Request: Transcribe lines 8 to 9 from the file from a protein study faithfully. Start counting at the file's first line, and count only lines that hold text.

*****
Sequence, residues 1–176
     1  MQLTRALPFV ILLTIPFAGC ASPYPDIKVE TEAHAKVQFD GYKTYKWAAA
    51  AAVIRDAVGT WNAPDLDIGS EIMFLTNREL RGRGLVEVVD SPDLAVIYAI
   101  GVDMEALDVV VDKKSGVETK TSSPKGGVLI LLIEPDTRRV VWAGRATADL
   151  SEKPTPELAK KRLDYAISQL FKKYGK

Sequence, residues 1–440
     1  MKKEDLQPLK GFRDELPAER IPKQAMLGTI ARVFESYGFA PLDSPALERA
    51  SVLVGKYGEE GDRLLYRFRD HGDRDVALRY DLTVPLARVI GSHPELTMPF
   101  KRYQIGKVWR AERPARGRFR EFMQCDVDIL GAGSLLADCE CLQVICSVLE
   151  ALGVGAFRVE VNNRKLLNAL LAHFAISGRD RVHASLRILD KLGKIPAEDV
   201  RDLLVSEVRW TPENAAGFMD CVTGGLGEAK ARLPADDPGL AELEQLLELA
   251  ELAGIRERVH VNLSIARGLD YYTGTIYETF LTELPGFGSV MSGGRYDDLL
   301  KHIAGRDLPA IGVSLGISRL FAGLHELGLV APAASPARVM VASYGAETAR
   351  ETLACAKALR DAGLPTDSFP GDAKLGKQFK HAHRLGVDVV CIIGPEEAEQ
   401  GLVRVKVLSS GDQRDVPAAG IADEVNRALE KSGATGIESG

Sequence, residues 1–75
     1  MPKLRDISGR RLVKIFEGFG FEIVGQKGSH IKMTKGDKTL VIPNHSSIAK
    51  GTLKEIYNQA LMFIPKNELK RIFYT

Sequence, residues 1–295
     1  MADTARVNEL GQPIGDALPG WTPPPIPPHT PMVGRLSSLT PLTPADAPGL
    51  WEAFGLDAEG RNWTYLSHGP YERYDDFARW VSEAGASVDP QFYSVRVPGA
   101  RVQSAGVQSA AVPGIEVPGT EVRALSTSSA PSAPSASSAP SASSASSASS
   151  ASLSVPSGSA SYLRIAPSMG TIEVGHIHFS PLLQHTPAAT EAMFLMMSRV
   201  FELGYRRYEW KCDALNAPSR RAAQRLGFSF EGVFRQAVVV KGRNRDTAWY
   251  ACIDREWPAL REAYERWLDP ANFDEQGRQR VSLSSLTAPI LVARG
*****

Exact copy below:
    51  SVLVGKYGEE GDRLLYRFRD HGDRDVALRY DLTVPLARVI GSHPELTMPF
   101  KRYQIGKVWR AERPARGRFR EFMQCDVDIL GAGSLLADCE CLQVICSVLE